At Margaret Brent, Home Is Where the Art Is

What could be more fun than building with marshmallows and raw spaghetti?

Apparently very little, as students and family members alike discovered at “Home Is Where the Art Is,” a November 29 community arts celebration at Baltimore’s Margaret Brent Elementary Middle School.

Event attendees had the opportunity to engage in arts-integrated activities organized into stations in a gallery-style setup, all run by students. In addition to a marshmallow-spaghetti construction site—where visitors collaborated in creating (and sometimes eating) complex geometric objects—other stations highlighted homemade pinball mazes, henna tattooing, bookbinding, origami, and woodworking.

Margaret Brent is one of a handful of schools that integrates the arts—visual, musical, theatrical, movement-based, and more—throughout its curriculum. The arts focus is an outgrowth of research studies by Johns Hopkins University’s Neuro-Education Initiative, which found that arts-infused teaching helps students retain information better than traditional teaching.

“Our goal was to bring the community into the school for a creative, hands-on night highlighting the many art forms and cultural traditions of our school families,” said Pamela Negrin, arts integration partnership coordinator at Margaret Brent. “We were also excited to collaborate on a joint event with our friends at the Village Learning Place.”

Sponsored by Margaret Brent and the Johns Hopkins School of Education in collaboration with Strong City Baltimore and the Village Learning Place, the event empowered students and their families to take the lead in fostering arts integrative activities.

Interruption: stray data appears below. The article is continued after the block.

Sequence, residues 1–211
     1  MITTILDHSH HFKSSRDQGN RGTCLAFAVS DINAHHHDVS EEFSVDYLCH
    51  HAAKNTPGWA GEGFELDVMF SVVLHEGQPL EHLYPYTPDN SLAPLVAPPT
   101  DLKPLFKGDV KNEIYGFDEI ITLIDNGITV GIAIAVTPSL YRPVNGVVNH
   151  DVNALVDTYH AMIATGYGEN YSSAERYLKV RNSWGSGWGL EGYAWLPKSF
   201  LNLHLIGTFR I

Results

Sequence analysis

“The event was a beautiful way to share what makes Margaret Brent special,” said Pamela Smith, the school’s principal. “We are a diverse school in so many ways, and so many people had the opportunity tonight to share their culture in a climate of respect and appreciation.” 

Attendees also enjoyed performances by students and parents, with families showcasing the diverse arts traditions of their different cultures. Among the highlights of the evening, these performances emerged directly from student interest and motivation. 

For example, a recent assignment to write a poem about something that brings happiness gave one eighth grader a chance to share her passion for Bhangra, a traditional dance from the Indian subcontinent. Her inspiration was a natural fit for “Home Is Where the Art Is,” and dressed in traditional Bhangra attire, she enlightened the audience with a demonstration of her cultural dance.

“Tonight was so beautiful,” said one parent of a fourth-grade student. “All the creativity and celebration of differences. I feel proud to be part of the Margaret Brent community.”